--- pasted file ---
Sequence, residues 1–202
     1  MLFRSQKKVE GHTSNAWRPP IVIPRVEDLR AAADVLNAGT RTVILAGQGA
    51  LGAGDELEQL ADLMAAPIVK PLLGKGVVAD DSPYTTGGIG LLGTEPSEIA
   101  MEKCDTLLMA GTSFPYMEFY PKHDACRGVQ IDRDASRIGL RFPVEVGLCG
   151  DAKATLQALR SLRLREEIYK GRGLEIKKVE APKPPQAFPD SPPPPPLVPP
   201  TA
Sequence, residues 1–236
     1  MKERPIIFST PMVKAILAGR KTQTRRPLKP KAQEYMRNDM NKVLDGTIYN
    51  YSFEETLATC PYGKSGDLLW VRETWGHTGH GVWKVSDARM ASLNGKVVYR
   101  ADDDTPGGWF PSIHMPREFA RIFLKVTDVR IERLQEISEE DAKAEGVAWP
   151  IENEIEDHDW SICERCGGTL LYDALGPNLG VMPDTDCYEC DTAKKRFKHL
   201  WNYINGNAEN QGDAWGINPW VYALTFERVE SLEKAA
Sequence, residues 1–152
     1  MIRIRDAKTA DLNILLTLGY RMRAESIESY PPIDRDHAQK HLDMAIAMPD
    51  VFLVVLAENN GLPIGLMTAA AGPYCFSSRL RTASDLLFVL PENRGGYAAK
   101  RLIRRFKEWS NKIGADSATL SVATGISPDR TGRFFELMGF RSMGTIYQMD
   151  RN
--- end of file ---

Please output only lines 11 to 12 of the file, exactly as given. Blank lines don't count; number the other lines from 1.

   151  IENEIEDHDW SICERCGGTL LYDALGPNLG VMPDTDCYEC DTAKKRFKHL
   201  WNYINGNAEN QGDAWGINPW VYALTFERVE SLEKAA